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Utah challenged to get maximum economic benefit from its history

Utah's history is worthless. Well, not really.

Utahns just act like it is whenever they give away history for free to any Tom, Dick and Harry tourist who happens through town. Particularly considering Tom, Dick and Harry are more than willing to pay for the experience."If we want to preserve history, if we want to perpetuate it, then we have to find ways to extract the value out of history," said Wilson Martin, the deputy state historic preservation officer and one of the driving forces behind Utah's development of a "heritage tourism industry."

"The government resources are no longer there to sustain history, which is why the new paradigm is so important. We are trying to find ways of bringing business sense to history, ways of making history pay its own way."

Martin, along with fellow Utahns Susan Holt of the Utah Division of State History and Cleal Bradford of the Four Corners Heritage Council, were featured speakers this week for the 51st National Trust for Historic Preservation conference in Santa Fe where they pitched the "new paradigm."

In effect, the development of heritage tourism is seen as a silver bullet by Utah history officials and economic development gurus. The heritage industries generate the money needed to preserve and interpret local histories, thereby adding new dimensions to the local quality of life, as well as jobs.

According to a National Trust study, tourists who visit cultural and historic attractions spend on average $615 per visit, compared with $425 for all U.S. travelers. They also spend an average of 4.7 nights away from home, compared with 3.3 nights for other travelers.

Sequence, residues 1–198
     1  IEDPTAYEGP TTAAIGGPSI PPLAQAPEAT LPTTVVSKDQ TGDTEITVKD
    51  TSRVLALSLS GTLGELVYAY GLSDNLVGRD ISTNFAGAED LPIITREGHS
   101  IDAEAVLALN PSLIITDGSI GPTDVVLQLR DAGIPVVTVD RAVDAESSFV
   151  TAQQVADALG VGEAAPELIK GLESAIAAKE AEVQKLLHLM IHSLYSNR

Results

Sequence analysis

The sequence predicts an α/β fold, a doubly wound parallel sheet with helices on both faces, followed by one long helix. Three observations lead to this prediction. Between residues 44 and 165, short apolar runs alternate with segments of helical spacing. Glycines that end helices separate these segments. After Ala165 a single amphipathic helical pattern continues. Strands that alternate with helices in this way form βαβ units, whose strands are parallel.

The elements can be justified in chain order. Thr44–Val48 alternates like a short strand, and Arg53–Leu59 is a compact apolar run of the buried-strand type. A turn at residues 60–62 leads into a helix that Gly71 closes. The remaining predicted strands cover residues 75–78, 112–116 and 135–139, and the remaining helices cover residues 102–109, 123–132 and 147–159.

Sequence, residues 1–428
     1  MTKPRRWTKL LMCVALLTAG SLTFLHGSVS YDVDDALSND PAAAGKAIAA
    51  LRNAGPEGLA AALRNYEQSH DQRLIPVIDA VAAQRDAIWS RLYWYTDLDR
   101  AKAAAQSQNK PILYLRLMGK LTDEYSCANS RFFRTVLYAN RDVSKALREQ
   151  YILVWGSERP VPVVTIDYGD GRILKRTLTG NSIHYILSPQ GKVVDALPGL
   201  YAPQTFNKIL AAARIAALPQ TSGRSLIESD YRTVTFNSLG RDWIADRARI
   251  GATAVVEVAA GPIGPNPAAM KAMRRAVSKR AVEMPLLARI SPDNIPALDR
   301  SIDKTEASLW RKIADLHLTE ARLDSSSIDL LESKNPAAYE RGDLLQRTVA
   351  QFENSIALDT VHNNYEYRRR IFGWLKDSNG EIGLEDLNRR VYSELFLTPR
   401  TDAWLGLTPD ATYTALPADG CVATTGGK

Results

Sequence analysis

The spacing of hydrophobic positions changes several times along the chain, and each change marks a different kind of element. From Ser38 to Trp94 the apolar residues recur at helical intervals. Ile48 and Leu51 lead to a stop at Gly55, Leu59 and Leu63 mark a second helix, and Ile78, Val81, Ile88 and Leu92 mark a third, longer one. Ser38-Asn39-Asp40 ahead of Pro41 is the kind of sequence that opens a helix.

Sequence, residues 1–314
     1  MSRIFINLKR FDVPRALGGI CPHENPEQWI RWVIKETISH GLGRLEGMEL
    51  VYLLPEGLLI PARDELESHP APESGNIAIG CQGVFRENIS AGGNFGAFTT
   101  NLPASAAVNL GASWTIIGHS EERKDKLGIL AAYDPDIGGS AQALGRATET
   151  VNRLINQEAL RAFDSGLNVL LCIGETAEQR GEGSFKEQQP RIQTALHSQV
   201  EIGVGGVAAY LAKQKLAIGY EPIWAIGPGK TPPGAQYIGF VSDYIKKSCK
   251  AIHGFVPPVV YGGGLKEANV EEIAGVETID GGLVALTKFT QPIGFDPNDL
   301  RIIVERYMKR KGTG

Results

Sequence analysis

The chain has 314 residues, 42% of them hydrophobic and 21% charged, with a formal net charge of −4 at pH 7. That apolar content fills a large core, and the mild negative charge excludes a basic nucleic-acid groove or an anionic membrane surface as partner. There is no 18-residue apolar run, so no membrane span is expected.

And in the tourism industry, getting people to stay longer and spend more money is what it's all about.

Utah and Virginia are considered model states for the development of heritage tourism models. Utah's shining example is Sanpete County, where several communities have invested hundreds of thousands of dollars in renovating historic structures, fostering businesses that are focused on the local Mormon pioneer heritage and promoting those heritage values to tourists.

The result, Martin said, is new motels filled to capacity every night. Fifteen years ago there was no tourist industry in Sanpete County.

The state is also looking at capitalizing on other heritage values, including its railroad and mining history, the military history, its ranching heritage and the legacy of historic trails that made Utah literally the crossroads of the West.

Under the new model, those elements of Utah history will be preserved through free market forces that will generate jobs and generate revenue that governments can put back into historical preservation programs.

It's not just about sprucing up downtown districts. It's an attitude that people will pay money to experience the local culture and government no longer should subsidize the experience.

The paradigm shift does not need to be about creating a new industry where one does not exist. It can mean a refocusing of existing resources, he said.

For example, under the old model of tourism, volunteer tour guides - usually retired folks associated with the local historical society - get aboard tour buses and take visitors through the community attractions.

Under the new model, the tour guide would be a paid professional whose job is to entertain tourists. The guide also sells tapes of local musical groups and maybe even a recipe book. He takes the bus to the handicraft shop and artist gallery where people actually get off and spend money. The guide is also knowledgeable about the local history, myth and legend.

There are a fair number of skeptics who believe history and culture should not be marketed for top dollar.

But the realities of today's political climate is there is less local and state government money earmarked for historic preservation.

For example, Congress has eliminated $3 million from the budget of National Trust for Historic Preservation, the largest and most influential of all preservation organizations.

State historic preservation officers in dozens of states are now developing heritage tourism master plans.